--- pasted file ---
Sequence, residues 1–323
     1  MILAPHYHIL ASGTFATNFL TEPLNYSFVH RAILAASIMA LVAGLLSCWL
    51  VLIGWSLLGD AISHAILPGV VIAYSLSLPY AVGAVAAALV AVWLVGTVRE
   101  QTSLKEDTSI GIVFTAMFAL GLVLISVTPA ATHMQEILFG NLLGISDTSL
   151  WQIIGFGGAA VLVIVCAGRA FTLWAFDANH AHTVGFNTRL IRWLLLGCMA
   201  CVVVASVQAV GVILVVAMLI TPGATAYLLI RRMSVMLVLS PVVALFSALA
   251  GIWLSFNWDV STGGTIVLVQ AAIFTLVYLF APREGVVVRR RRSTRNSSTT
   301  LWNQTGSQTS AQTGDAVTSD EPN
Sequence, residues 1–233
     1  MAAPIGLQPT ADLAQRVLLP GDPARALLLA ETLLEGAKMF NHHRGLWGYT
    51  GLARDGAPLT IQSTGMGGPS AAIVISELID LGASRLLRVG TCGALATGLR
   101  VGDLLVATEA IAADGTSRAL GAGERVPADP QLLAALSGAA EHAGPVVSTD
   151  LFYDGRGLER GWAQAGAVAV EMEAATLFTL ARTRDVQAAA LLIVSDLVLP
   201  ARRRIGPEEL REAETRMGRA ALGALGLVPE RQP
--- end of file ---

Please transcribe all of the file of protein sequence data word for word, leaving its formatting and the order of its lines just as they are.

Sequence, residues 1–323
     1  MILAPHYHIL ASGTFATNFL TEPLNYSFVH RAILAASIMA LVAGLLSCWL
    51  VLIGWSLLGD AISHAILPGV VIAYSLSLPY AVGAVAAALV AVWLVGTVRE
   101  QTSLKEDTSI GIVFTAMFAL GLVLISVTPA ATHMQEILFG NLLGISDTSL
   151  WQIIGFGGAA VLVIVCAGRA FTLWAFDANH AHTVGFNTRL IRWLLLGCMA
   201  CVVVASVQAV GVILVVAMLI TPGATAYLLI RRMSVMLVLS PVVALFSALA
   251  GIWLSFNWDV STGGTIVLVQ AAIFTLVYLF APREGVVVRR RRSTRNSSTT
   301  LWNQTGSQTS AQTGDAVTSD EPN
Sequence, residues 1–233
     1  MAAPIGLQPT ADLAQRVLLP GDPARALLLA ETLLEGAKMF NHHRGLWGYT
    51  GLARDGAPLT IQSTGMGGPS AAIVISELID LGASRLLRVG TCGALATGLR
   101  VGDLLVATEA IAADGTSRAL GAGERVPADP QLLAALSGAA EHAGPVVSTD
   151  LFYDGRGLER GWAQAGAVAV EMEAATLFTL ARTRDVQAAA LLIVSDLVLP
   201  ARRRIGPEEL REAETRMGRA ALGALGLVPE RQP